Røde Just Updated Its Game-Changing Wireless GO Microphones

A year ago, Røde introduced its Wireless GO microphones which offered fantastic wireless audio performance at a great price. The company has just released an updated version which brings a number of improvements to an already impressive system.

The Wireless GO II shares the same form factor as its predecessor but now offers a dual-channel microphone system consisting of two transmitters and a single receiver. It also has the ability to record internally — more than 24 hours of compressed audio or 7 hours of uncompressed audio — bringing a level of redundancy and versatility over the previous version. If you manage to fill up your device, it will overwrite the oldest saved recording.

The line-of-sight range has been boosted from 230 feet (70 meters) to 655 feet (200 meters), and it features USB-C and iOS digital output in addition to the 3.5mm TRS. Unfortunately, if you’re looking to expand your existing audio, the Wireless GO II is not compatible with its predecessor.

You might recall that Fstoppers’ Lee Morris was highly impressed with the first version of these microphones when they were released last year. Caleb Pike demonstrated their versatility by putting together a list of 10 hacks which is well worth checking out.

The Røde Wireless GO II is available to purchase now for $299.

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davidlovephotog's picture

And this is why it's good to not buy stuff and wait. A year ago seems more like a fix than an upgrade. So now the first version can be thrown out for the one that does it right. They should offer discounts to people that bought the first version.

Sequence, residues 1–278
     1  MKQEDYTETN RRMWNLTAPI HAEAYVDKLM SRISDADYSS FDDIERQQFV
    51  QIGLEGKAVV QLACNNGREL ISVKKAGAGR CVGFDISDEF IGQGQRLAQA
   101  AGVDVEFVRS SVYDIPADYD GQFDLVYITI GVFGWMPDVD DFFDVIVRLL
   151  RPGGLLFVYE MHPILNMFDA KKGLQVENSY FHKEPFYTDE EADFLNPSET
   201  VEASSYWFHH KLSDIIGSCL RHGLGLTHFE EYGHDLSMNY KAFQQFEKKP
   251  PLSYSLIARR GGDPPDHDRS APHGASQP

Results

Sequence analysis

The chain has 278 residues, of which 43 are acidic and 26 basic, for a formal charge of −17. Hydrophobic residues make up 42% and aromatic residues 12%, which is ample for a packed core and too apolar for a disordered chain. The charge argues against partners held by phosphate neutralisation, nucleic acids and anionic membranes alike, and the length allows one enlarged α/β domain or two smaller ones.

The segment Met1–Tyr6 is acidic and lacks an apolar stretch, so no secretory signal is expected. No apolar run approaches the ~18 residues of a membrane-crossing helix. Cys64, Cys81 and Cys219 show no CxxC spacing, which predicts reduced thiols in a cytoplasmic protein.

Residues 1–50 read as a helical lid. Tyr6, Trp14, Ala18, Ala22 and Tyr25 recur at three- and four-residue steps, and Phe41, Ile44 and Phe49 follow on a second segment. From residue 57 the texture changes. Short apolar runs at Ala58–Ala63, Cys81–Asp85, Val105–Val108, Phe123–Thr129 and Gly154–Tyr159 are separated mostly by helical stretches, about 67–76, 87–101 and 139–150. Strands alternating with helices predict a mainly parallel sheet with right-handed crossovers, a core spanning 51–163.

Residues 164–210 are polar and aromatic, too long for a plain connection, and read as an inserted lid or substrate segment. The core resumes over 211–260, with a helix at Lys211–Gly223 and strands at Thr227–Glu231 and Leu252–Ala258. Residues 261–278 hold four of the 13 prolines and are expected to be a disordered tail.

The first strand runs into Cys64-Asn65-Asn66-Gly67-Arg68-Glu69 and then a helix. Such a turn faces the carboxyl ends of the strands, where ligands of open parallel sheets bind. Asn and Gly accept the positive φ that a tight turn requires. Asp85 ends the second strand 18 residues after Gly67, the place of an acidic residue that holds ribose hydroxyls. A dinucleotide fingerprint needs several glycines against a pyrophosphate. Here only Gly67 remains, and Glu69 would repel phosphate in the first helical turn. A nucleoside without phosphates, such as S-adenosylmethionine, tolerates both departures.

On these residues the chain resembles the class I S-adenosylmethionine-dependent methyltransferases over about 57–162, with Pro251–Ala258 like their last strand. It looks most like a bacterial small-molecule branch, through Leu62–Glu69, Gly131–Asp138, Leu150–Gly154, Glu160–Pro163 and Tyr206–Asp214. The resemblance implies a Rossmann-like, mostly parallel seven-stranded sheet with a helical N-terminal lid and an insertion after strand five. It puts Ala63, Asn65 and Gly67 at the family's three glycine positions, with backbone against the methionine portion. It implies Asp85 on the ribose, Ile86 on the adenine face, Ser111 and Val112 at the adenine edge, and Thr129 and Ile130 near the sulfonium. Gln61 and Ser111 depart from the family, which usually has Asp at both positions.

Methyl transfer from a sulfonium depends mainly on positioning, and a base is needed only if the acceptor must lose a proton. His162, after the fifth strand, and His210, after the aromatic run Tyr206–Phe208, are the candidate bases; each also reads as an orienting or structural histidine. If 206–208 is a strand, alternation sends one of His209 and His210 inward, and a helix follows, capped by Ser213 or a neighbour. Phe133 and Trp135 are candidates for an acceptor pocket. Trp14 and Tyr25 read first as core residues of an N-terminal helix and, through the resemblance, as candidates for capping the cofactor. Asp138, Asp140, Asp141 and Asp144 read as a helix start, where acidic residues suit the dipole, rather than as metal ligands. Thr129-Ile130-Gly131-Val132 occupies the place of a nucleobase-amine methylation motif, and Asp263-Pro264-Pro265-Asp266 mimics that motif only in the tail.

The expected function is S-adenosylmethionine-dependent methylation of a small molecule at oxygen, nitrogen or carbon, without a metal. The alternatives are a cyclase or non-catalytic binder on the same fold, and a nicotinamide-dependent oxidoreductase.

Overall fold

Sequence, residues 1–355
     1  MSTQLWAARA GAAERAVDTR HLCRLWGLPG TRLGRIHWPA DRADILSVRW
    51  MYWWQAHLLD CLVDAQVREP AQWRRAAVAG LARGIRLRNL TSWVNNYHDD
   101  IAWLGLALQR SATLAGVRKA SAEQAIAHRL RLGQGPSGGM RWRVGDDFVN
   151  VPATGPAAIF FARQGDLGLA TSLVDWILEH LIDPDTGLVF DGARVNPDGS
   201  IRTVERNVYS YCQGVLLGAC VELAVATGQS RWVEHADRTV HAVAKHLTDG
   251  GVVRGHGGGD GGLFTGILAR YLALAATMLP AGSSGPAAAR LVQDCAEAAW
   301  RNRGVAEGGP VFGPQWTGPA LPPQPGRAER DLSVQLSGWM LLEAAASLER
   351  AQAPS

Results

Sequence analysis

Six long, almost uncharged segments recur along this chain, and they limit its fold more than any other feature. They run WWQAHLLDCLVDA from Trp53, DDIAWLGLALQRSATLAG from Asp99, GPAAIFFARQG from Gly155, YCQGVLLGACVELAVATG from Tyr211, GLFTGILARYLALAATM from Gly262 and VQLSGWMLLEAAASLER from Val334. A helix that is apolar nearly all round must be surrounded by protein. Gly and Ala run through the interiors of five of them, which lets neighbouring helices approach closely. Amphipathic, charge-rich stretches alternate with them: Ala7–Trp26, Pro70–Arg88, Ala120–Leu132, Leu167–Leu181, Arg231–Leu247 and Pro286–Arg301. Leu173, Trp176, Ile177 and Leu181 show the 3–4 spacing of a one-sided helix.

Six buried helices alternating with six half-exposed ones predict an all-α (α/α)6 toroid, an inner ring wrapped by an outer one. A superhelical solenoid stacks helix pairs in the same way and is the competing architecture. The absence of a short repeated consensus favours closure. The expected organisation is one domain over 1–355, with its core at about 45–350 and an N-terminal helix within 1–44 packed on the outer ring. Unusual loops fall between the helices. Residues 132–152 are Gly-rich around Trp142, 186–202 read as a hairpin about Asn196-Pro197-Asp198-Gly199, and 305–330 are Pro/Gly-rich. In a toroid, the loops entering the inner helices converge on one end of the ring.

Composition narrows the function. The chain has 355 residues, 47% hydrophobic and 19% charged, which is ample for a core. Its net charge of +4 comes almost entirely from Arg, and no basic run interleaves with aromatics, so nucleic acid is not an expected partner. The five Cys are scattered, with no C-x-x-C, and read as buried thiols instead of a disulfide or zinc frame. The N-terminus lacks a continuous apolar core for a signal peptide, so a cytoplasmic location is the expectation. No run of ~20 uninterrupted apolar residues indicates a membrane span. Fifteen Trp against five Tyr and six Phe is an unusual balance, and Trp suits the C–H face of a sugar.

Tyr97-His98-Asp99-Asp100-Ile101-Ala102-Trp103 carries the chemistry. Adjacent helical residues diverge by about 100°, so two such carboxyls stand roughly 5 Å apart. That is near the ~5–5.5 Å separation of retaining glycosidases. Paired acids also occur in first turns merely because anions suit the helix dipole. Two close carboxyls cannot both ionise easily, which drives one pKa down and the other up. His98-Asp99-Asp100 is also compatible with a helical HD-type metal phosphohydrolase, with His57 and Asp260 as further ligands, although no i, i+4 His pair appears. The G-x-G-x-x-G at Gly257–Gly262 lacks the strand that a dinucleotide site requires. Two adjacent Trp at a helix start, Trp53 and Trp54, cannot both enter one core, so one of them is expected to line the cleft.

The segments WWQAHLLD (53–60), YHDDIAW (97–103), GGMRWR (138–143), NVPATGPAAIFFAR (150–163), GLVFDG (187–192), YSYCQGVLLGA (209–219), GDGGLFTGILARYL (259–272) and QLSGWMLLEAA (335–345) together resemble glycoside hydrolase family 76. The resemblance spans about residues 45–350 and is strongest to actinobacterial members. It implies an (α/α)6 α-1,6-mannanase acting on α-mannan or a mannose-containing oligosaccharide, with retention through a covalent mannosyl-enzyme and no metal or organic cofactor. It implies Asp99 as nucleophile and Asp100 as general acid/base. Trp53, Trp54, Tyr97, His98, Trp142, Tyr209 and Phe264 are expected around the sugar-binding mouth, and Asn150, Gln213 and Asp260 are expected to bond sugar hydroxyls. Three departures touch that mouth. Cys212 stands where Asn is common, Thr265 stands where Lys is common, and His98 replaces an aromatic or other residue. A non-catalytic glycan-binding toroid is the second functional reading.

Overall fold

Robert Feliciano's picture

That video is misleading. It doesn't record in 32-bit float.
It seems great for vloggers and people who can do a retake. I would never depend on it for paid work, I'll stick with my UHF system.

Alexander Petrenko's picture

Lavalier mics are not the best option for studio quality recording, you are right.

John James's picture

There is confusion on this. Some sources say the internal recording is 32-bit. The audio stream transmitted wirelessly will be 24-bit or compressed lower.

Until more tech savvy reviewers get their hands on it, we don't know the details. Since mine arrives on Monday, I might figure it out myself.

Kawika Lopez's picture

Nothing to do with this article, but I'm pretty fed up with all these pop-up ads.

davidlovephotog's picture

C'mon man, they have to make money for showing us what youtube vids to watch every day. Otherwise we'd have to go to Youtube and watch them.

John James's picture

The whole point of the internal recording capability is for backup/redundancy if the wireless link or the receiving end recorder (camera or field recorder) has a problem.

For live streaming the internal recorder isn't going to be used anyway, but that doesn't diminish the great advantage of having it in the product.

For many people moving up from the basic recording built into their DSLR or mirror camera, this new version has even more flexibility than the original model.